We got to try out the demo for Limbic Entertainment’s amusement park simulator, Park Beyond and here’s our first impressions. We’ve previously tried out the preview of the game, and now in the demo build of Park Beyond, we got to try out the first mission of the game as well as the sandbox mode.
In the first mission of Park Beyond that we got to try out through the demo acts as a prologue to introduce us to the game. We got to take a sneak peek at the story mode which will be in the final game where we got to meet up with Blaze and Phil who are the members of the park management team. This is where we were introduced to some of the coaster building mechanics as well as the controls to the game.
Having a campaign mode isn’t particularly heard of in a these theme park management games so the inclusion of one in Park Beyond is definitely a breath of fresh air and a welcomed one in fact. The first mission for the game slowly eases in for the players as they get showed all the different functions that are in the game and does it patiently so that the players get to learn to use all those individual tools.
In Mission 1, we were given focus to the coaster creation part on how the basics of said creation would take place in Park Beyond. Basically while learning through the different functionalities of the coaster creation such as rotating a course or changing the height or the coaster loops, etc. The game also introduces us to certain mechanics like the addition of coaster modules like cannons or ramps that are able to shoot the player throughout the level.
In the demo, there were 2 modules for us to tinker around with, the previously mentioned cannon module and ramp module. The cannon module can help the ride gain lots of speed in a very short amount of time, and it works exactly how in you’ll see in cartoons where it actually shoots out the roller coaster carriage into the air.
Meanwhile for the ramp module, it has the same purpose as the cannon module but instead of blasting the roller coaster carriage, it would ramp the carriage up. You’ll need to match the length of your ramp to the speed of the roller coaster meaning that if your roller coaster is too slow, it won’t be able to make the jump and if it’s going too fast, it’ll overshoot and cause your coaster to crash.
If you have any worries about having difficulties with building your rides, not to fret since for someone as monkey-brained as myself, I was still able to manage out the coaster creation in Park Beyond. I feel like the devs had taken a very playful approach with the ride editor and it allows us the liberty to flexibly change anything at any point in time, even if the ride has already been placed down.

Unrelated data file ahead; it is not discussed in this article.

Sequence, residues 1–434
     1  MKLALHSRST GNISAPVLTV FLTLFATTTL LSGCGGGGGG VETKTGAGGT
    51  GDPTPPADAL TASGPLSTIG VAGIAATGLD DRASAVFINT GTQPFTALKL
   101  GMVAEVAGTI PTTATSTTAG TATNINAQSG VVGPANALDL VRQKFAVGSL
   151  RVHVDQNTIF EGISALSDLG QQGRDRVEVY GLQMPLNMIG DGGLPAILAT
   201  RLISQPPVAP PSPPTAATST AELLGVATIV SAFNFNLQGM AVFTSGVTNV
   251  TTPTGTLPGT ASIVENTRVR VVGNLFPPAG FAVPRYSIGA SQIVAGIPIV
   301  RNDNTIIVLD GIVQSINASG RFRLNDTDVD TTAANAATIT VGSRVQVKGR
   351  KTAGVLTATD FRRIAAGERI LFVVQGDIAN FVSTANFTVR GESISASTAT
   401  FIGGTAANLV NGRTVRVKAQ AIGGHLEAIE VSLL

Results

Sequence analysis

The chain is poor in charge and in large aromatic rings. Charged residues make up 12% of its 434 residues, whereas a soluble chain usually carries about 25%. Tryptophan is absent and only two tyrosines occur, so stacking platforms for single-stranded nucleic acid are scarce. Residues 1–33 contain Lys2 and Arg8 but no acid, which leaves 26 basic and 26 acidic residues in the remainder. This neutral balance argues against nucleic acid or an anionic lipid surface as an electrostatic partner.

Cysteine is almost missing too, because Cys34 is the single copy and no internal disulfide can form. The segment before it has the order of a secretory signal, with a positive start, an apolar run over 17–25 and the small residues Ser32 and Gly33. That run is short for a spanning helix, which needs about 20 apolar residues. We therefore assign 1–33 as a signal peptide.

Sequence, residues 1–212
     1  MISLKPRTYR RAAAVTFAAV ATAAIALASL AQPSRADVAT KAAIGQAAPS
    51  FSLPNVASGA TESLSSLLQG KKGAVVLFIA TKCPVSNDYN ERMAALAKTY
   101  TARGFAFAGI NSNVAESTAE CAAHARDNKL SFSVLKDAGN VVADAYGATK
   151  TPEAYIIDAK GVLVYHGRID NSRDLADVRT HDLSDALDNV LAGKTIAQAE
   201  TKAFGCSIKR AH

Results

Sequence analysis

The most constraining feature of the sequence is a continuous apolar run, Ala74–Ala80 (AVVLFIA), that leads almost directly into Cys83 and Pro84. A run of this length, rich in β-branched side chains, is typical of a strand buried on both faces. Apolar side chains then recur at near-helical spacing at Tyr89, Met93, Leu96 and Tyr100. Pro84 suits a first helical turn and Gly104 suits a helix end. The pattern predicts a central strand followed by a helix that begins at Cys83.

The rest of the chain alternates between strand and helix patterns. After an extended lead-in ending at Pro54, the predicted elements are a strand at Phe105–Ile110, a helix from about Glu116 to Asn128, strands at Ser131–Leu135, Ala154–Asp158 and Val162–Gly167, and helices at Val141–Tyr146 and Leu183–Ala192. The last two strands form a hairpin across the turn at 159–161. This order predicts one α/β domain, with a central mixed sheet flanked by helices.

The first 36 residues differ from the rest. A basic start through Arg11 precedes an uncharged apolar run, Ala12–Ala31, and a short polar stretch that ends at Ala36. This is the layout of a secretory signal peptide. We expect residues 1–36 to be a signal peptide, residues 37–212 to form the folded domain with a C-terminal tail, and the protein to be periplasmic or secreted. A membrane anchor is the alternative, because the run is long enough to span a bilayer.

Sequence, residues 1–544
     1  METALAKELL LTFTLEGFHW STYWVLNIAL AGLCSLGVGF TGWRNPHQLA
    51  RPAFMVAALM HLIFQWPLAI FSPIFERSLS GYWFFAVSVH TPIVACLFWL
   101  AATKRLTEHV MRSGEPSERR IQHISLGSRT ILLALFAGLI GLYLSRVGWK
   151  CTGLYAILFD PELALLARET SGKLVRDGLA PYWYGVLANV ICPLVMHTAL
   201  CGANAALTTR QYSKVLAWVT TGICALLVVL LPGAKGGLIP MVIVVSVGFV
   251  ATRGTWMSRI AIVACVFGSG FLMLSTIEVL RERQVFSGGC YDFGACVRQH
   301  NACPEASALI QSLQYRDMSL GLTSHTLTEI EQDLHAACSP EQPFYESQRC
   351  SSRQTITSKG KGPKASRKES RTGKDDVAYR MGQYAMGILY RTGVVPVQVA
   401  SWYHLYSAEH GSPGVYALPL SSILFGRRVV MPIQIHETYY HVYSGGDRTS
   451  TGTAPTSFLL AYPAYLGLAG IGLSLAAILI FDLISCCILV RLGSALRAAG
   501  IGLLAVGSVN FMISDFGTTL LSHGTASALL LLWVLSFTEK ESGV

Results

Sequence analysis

Creativity is at the Tip of Your Fingers
We were able to get exclusive access to the sandbox mode for Park Beyond where we got a sneak peek into the park creation and its components which introduces the park rating, amazement levels and the unique impossification feature.
The Sandbox mode opens up a new world of customisation with a new look at the “modular building”. Here we are able to build up the park, place down roads, and shops. The layout of the park also matters a lot where which flat rides are close to which shops, how long the distances are and so on so forth.
The flat rides in the Sandbox mode actually caters to the different visitor types that you find in your park which means that you’ll need to be able to cater your park for families, adults and as well as those pesky teenagers.
Players are able to purchase the basic working elements of the shops and then have access to a whole library full of assets which are located on the left side of the screen to create your own buildings as well as decorating them according to your own personal flair.
These assets from the library can either come off individually or combined together as a big prefab. You’re also able to customise the colours of all the objects that are in the game world so that’s pretty cool too.
So what exactly is impossification in Park Beyond? According to the developers, it’s a feature where you can not experience by going into a normal theme park. You’ll be able to experience the attractions which are a lot more outstanding than in real life. In Park Beyond, by going through the impossification, the attraction levels of your park will level up, which in turn will allow you to gain more benefits. More attraction in return would mean more revenue.
The game also offers some terraforming tools which allows players to play God and create mountains, riversides, lakes, etc. One of the examples of me using the terraforming tools come from the time where I made a hill and then using some trees as “hair” on the top of my landscape sculptures.
Sadly, the sandbox mode is still heavily work in progress, and so while we were given access to almost most of the features that are available in the game, there were some bugs in terms of camera work, assets suddenly glitching but worry not, those issues will be addressed when the demo officially comes out.
Playing through the demo for Park Beyond, I was able to learn a lot about the management tools and the various creativity options in the game as well as a glimpse of the campaign. Comparing Park Beyond to other games, it does feel like the game offers a deeper management functionalities in my opinion, as well as the inclusion of a campaign mode to a sim game makes for such a unique experience.
Although I only got to go through the first mission of the campaign mode so I wouldn’t know how the campaign will turn out in the end. Trying out the sandbox mode, there are tons of different things that can be explored, both on the content side as well as the tool which are given to us to make our own Dream Park.
Park Beyond will be release in 2023 and will be available for PlayStation 5 on Xbox Series S and X as well as PC.